Why do so many IT companies sponsor or subsidise Formula One racing teams? Part of the answer, of course, lies in the glamour, in the association with winning, and, of course, the free tickets. But there is another reason: the IT budgets of Formula One teams are rarely huge, but the IT engineering challenges can mirror those faced by the automotive engineers. Indeed, increasingly, the two are working closely together. Take, for example, the Renault Formula One team.
Graeme Hackland, the team's IT manager, argues that successful IT at Renault translates directly into better performance on the track.
Equally, failure of the IT, especially on race days, would be catastrophic. Two years ago, this nearly happened, when a laptop used to calculate how much fuel is needed failed as the car approached the pit stop. It was rebooted and the calculation made with a couple of seconds to spare. Other teams have suffered software problems that put their cars out of races. The engineering challenges are huge. During a season the company's computer-aided design systems are used to produce around 10,000 drawings – because unlike normal vehicles, the car changes radically during the season. For just one car, 140 specialist workstations are used, backed up by another 500 Windows systems.
Each race is a major logistics operation. Servers are transported around the world and wheeled to the trackside by each team, who rebuild dedicated LANs each time. In Renault's case, these servers communicate directly with each car's 200 sensors and on-board computers, both in real time and in burst mode, over WANs and LANs, as they screech around the track. Server failure is a constant fear.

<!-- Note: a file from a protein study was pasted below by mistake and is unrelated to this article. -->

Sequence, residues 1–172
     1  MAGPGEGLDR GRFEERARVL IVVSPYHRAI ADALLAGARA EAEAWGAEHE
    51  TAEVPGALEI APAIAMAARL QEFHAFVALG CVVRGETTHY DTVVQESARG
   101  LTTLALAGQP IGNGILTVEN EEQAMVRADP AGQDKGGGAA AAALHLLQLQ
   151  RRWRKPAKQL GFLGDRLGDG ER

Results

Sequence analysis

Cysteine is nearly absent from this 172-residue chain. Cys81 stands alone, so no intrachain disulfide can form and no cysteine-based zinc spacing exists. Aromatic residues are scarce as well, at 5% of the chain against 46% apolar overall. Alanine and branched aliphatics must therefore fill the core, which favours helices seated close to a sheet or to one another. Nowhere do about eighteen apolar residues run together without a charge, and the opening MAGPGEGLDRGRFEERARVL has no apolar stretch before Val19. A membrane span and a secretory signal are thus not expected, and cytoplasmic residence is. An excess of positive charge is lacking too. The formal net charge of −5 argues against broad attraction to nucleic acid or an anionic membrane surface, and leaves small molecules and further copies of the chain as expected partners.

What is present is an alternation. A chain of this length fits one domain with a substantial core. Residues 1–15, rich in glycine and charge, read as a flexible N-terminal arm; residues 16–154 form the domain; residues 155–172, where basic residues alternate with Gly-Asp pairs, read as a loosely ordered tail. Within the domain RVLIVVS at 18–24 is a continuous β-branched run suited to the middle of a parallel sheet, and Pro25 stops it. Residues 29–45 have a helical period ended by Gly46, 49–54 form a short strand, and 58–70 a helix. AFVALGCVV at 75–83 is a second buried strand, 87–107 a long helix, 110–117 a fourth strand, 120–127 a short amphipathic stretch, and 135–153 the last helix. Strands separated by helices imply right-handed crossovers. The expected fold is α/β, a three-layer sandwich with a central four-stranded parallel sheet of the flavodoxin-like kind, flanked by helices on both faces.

Renault uses high availability, clustered Windows servers and real time back-up software and storage from Veritas and NetApp. Heat is also a problem: at the Bahrain Grand Prix, temperatures reached 40°C – way beyond the normal tolerance of most servers. Key race data (a DVD's worth is collected every race) is sent for back-up and analysis via satellite links to the team's technical centre in Oxfordshire.
There, automated tape libraries and online back-ups are used to store data on every race and test going back to 1977. Small changes in design rules, or the introduction of a new track, mean that engineers may need to call on this data to analyse race tactics or to make design changes.
Sometimes, race day data can be used to prove to the IFA how the car or the driver behaved. Paranoia is rife, with frequent allegations of electronic eavesdropping. For this reason, communications are often encrypted. The stakes are high, with Renault's corporate image on the line in every race.